Tiny homes giving foster kids who have aged out of the system a fresh start

There's new hope for foster children in Arizona who have aged out of the system, as one organization is hoping to give them a fresh start by opening up a community of tiny homes, just for them.

In a matter of months, an empty lot in the Valley will be filled with three tiny homes for former foster kids. It's a short move for Noah Hart, a 20-year-old who already lives next door.

Noah has spent his whole life getting in and out of foster care.

"I live by myself, don't have to live with other people, and cleanliness, I can make it my own kind of thing, so I don't have to worry about others," said Hart.

Noah Hart

Tiny homes is the big idea from Thrive, an organization built on foster care prevention, reunification, and age-out youth. Officials with the organization say when foster children hit 18, 20% of them become instant homeless adults. 

"We know that when we turn 18, we weren't ready to be on our own," said Thrive Director Steve Vogel. "These kids just have no support. There's a breakdown in their family that causes this initially, so they don't have anybody to reach out to for that support. So they're basically out on their own"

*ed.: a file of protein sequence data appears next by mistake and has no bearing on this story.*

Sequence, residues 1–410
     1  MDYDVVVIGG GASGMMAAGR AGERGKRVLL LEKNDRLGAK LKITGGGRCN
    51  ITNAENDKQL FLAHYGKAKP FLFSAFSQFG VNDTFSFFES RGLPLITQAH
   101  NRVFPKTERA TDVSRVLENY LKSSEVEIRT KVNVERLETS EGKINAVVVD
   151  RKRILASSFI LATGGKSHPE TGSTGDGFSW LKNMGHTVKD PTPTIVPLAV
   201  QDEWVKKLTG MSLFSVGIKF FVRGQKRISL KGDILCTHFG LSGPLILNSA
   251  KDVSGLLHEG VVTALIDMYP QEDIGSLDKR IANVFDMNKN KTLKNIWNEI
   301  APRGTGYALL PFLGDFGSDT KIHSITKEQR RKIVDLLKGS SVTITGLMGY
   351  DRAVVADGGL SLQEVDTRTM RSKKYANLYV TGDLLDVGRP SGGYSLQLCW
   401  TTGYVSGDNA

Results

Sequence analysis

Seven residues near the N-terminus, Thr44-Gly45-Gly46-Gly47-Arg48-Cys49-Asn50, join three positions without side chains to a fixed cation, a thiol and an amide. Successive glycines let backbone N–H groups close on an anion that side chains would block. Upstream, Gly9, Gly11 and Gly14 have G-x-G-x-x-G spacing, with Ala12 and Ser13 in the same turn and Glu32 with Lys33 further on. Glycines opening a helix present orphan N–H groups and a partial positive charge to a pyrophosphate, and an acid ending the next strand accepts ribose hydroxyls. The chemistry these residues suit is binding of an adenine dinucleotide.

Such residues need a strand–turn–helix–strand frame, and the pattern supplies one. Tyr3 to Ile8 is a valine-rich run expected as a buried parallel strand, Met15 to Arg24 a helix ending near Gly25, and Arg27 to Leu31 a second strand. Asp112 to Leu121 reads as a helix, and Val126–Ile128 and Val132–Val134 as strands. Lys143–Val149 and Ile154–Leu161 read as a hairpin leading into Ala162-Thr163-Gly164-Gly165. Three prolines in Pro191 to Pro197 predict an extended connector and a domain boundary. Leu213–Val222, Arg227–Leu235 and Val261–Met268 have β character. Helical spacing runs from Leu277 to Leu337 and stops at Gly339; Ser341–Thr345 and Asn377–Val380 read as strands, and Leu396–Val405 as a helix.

The tiny homes will come complete with a living space kitchen bathroom and porch. The tiny homes are 240 square feet, but it offers a world of independence. 

"When we started seeing the tiny home project, we're realizing that this would be a great opportunity, a stepping stone for them to have a small little space," said Vogel. "It'll be of their own, but will still have three or four units together where they'll still have a little bit community there."

For Hart, the tiny home is one small step on his path to bigger and better things. 

"Graduate from Paradise Valley to go to ASU, going to the WP Carey School of Business, and my goal in life is to work on Wall Street," said Hart.